The Economist editorializes about the situation in Somalia and surprisingly implies an optimistic future.
Somalia may now have its best chance of peace and security since 1991. If the government can consolidate its hold on Mogadishu, it will be a big step forward. The capital’s port is busy, its markets bustling. More suicide-bombings and assassinations will occur; a respected local journalist was killed last month. But this year most residents will, with luck, seek to remake their livelihoods rather than worry about fending off jihad.
I think they may need to worry about fending off more than jihad. As the Economist piece itself points out, the United States is behind these military initiatives in Somalia, has “intelligence agents and special forces on the ground,” and “drones in the sky.” The U.S. is running CIA blacksites as prisons and supporting thuggish militias to fight al-Shabaab, all while conducting covert kill/capture raids with Joint Special Operations Command forces. The U.S.-supported regimes of Kenya, Uganda, Burundi, and others are joining the fight against the Somali militants as Predator and Reaper drones unleash airstrikes launched from bases in Ethiopia, Djibouti, and Seychelles.
The new strategy in Africa indicates a shift into the shadows, for this is the war nobody knows about. It is characterized by military aid to and reliance on brutish, undemocratic regimes, proxy militias, and targeted special operations. All of this is done without the consent of Congress and for the most part in secret. This is not cause for optimism. Optimism for the strategy appears irreconcilable with recent history, given that the U.S.-sponsored invasion of Somalia by Ethiopia in 2006 helped give rise to the militant group al-Shabaab – now ironically justifying current interventions.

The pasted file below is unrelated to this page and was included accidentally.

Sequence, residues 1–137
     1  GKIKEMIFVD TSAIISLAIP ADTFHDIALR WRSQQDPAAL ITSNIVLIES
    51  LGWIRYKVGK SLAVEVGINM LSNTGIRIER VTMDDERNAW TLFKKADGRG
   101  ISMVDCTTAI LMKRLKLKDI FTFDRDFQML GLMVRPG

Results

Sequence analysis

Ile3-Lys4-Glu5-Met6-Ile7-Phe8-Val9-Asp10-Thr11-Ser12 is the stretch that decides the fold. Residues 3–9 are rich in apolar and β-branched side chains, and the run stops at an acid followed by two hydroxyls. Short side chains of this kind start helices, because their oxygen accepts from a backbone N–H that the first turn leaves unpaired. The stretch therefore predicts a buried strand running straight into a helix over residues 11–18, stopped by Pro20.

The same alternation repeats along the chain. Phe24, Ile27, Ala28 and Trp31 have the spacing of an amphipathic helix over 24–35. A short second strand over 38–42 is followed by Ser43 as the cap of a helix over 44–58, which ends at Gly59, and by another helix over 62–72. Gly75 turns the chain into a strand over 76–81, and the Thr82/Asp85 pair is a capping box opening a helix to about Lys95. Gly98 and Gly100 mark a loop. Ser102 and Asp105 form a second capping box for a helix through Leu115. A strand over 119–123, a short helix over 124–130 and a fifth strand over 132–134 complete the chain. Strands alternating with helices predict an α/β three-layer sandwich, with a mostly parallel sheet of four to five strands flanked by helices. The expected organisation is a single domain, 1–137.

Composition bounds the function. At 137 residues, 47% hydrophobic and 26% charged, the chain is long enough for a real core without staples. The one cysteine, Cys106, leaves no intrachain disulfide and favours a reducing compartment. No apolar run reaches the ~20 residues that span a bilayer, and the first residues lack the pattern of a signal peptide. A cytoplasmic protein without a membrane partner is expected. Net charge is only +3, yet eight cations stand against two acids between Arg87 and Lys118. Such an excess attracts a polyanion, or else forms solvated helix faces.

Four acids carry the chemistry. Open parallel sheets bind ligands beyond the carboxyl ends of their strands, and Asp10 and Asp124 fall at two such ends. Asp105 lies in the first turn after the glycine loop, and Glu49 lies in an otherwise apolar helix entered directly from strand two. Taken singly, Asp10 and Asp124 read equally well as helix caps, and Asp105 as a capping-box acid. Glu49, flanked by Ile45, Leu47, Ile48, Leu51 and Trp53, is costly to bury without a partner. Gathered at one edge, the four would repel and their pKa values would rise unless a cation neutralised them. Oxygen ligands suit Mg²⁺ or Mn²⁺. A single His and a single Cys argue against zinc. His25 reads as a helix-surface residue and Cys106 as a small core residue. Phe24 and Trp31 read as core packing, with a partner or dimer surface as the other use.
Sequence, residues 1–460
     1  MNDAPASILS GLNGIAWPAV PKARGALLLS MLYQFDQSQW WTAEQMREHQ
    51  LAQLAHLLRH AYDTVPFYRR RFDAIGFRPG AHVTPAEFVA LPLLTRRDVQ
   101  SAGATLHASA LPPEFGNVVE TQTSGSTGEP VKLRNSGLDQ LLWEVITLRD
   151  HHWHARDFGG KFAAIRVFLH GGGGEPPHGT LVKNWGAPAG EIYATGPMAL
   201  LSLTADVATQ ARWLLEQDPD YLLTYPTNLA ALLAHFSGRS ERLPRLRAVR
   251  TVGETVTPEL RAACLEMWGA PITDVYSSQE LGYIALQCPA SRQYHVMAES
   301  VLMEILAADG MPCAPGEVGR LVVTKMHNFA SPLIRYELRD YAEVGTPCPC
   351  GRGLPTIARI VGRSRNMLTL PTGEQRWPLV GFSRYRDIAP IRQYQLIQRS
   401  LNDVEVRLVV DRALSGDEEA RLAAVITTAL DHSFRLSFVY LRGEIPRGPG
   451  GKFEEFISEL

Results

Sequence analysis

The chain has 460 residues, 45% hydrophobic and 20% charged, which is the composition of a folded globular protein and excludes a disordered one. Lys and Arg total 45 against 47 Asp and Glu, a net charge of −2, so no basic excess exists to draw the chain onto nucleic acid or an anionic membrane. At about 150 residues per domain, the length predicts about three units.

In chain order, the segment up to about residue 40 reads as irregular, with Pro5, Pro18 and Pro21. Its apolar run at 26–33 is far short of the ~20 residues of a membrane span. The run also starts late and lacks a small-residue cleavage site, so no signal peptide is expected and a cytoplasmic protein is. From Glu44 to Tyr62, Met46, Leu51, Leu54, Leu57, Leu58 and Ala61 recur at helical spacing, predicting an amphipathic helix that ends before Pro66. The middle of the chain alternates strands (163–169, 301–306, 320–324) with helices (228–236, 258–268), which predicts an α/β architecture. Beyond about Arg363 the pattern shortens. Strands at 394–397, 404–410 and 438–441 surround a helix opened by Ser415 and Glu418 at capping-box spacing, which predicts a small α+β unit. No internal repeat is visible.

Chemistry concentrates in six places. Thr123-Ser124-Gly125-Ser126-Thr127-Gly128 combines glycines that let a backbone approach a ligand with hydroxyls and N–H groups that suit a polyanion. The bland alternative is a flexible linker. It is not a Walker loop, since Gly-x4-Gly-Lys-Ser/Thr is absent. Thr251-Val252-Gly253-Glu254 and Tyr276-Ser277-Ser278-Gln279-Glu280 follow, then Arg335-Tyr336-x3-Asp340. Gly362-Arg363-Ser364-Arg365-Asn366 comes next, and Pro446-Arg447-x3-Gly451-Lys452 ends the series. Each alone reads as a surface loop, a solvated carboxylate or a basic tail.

The Washington Post recently reported that the Obama administration has a “concern that a broader campaign could turn al-Shabab from a regional menace into an adversary determined to carry out attacks on U.S. soil.” If what we’re already seeing isn’t “a broader campaign,” I wouldn’t want to see what is. But the point here is that even the administration recognizes that al-Shabab is merely “a regional menace” that does not pose a direct threat to the United States. It is also explicitly acknowledged that unleashing a drone war against the group, or instigating a regional war from all sides on Somalia, is likely to promote them into an international terrorist group “determined to carry out attacks on U.S. soil.”
This parallels a Congressional report issued at the very beginning of December which said “Boko Haram has quickly evolved and poses an emerging threat to US interests and the U.S. homeland,” and justifies entrenching military and security interests with the Nigerian government. Patrick Meehan, the chairman of the U.S. Congressional committee that drew up the report, said “While I recognize there is little evidence at this moment to suggest Boko Haram is planning attacks against the [US] homeland, lack of evidence does not mean it cannot happen.” Genius. As best I can tell, Boko Haram wasn’t on the radar until Africa became Washington’s new pet project in the “war on terror.”
So, should we expect “peace and security” in Somalia and East Africa, as the Economist suggests? The U.S. is funding and arming African tyrannies in this (again, largely secret) fight, which doesn’t exactly evoke pictures of peace and security. Those tyrannies are engaged in a ground war, along with U.S. forces, in Somalia, contributing to the ongoing civilian strife in the country. The drone war, especially if it is expanded, is likely to kill civilians and to strengthen Shabab militants, according to American officials. Reports do talk about a weakened al Shabab as things stand, but all this doesn’t strike me as the proper ingredients for peace and security.